Featured Comments Off on The Elite Athletic talent at the Tata Mumbai Marathon |

The Elite Athletic talent at the Tata Mumbai Marathon

Our Guest Columnist, Pramod Deshpande writes about some of the Elite Athletes who ran the iconic Tata Mumbai Marathon.

The “Maha Kumbha” of running in India, the “Tata Mumbai Marathon” (TMM) is just round the corner. Any endurance runner in India, amateur or elite, always dreams of participating in the Mumbai Marathon at least once in life and many make it their yearly pilgrimage.

The iconic status of this event has multiple reasons to its credit – the legendary support and encouragement runners get from the Mumbaikars, the magnitude of the event itself, the meticulous planning and execution of the event by the organizers and it is also the qualifying event for major events like Olympics, as it is IAAF Road Race Gold Label certified and therefore attracts great running talent.

However, majority of us are not aware of the great athletes who have participated in the event over the years, even the amateur runners who share the space with these great athletes are oblivious to them. I take this opportunity to write about some of the great athletes and their back stories who have participated in the TMM (in no particular order!).

The running standards followed by the TMM are a close match to that of the major global marathon standards. For example, the biggest marathon in the world is the New York Marathon and the course record in the Men’s category stands at 2:05:05 whereas in Mumbai it is 2:08:35. The same holds good in the Women’s category with the course record standing at 2:22:31 in New York and 2:24:33 in Mumbai. Incidentally both these Marathons are sponsored by The Tata group!

With respect to the Indian context, this event has provided a major platform to enhance the standards of marathon running in India. In 2012, the Indian runners managed an unprecedented feat wherein Ram Singh Yadav qualified for London Olympics and in 2016 for the Rio Olympics. In total we had 6 runners breach the qualification mark for Rio Olympics at the TMM event. This included 3 male athletes- Nitendra Singh Rawat, Gopi Thonakal and Kheta Ram and 3 female athletes – O.P. Jaisha, Lalita Babar and Sudha Singh. Just to put things in perspective, the only Indian who qualified for the Olympic Marathon prior to 2012 was the great Shivnath Singh in 1976.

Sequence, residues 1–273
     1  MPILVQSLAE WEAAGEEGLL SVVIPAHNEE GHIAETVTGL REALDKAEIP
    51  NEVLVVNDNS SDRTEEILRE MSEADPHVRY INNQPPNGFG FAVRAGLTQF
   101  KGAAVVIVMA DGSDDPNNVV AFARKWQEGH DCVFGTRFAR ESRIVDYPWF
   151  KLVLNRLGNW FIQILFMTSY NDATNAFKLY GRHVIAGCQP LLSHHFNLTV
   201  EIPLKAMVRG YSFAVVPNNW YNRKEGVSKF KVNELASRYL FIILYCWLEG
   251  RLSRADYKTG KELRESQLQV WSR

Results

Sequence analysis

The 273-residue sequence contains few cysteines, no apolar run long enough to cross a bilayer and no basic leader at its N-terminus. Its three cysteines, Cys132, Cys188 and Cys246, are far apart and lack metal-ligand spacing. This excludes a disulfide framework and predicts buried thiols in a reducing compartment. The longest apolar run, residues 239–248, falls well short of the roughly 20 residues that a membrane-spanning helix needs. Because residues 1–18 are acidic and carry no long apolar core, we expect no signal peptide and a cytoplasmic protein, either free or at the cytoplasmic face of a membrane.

With every edition, Mumbai Marathon has attracted the best international talent right from it’s inception.

In the second edition of the event, we saw Christopher Isegwe who secured the second place went on to win a silver medal in the IAAF World Championships at Helsinki the same year.

The first women to break the 2 hours 30 minutes barrier, Mulu Seboka of Ethiopia has been the most successful women athlete in the Mumbai Marathon winning the race in 2005, 2006 and in 2008. Her illustrious carrier spanned around 12 years, during which she won more than 30 Marathons and half marathons worldwide.

In the 2009 edition, we saw two great runners take the  podium – the winner, Kenneth Mburu Mungara(2:11:51), a great runner who over a decade from 2007 to 2018 has won 17 Marathons across the globe and a hat trick at the Gold Coast Marathon with a PB of 2:07:57. Then there’s John Ekiru Kelai who came third that year but by that time he was the most successful male athlete at Mumbai winning two editions back to back (2007 and 2008). He has achieved 10 podiums across various countries. India is a happy hunting ground for him as he became the Commonwealth champion during the Delhi commonwealth games in 2010.

Dinknesh Mekash is another great marathoner, who has won many marathons across the globe and started her Mumbai chapter by securing the second spot in 2013 and also won two titles in the year 2014 and 2015.

The Mumbai Marathon has had its fair share of maverick runners as well. Evans Rutto of Kenya, is one of them, as his entry into the marathon circuit was quite sensational. In 2003, as a debut runner he won the Chicago Marathon and established the fastest debut world record title by finishing the race in 2:05:50, which remained unbroken until 2017. He went on to win the London Marathon and Chicago Marathon for the second time. Unfortunately in 2005-06, an injury threatened his running career but he bounced back in 2014 with a fast race at the Mumbai Marathon missing the course record by just 1 sec.